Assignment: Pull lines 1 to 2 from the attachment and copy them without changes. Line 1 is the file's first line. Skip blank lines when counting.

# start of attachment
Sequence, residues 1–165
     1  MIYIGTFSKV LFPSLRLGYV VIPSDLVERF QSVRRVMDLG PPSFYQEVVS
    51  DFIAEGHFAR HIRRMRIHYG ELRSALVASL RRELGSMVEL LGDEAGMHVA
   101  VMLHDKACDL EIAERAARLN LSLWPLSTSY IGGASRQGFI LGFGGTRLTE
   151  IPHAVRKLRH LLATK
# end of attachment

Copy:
Sequence, residues 1–165
     1  MIYIGTFSKV LFPSLRLGYV VIPSDLVERF QSVRRVMDLG PPSFYQEVVS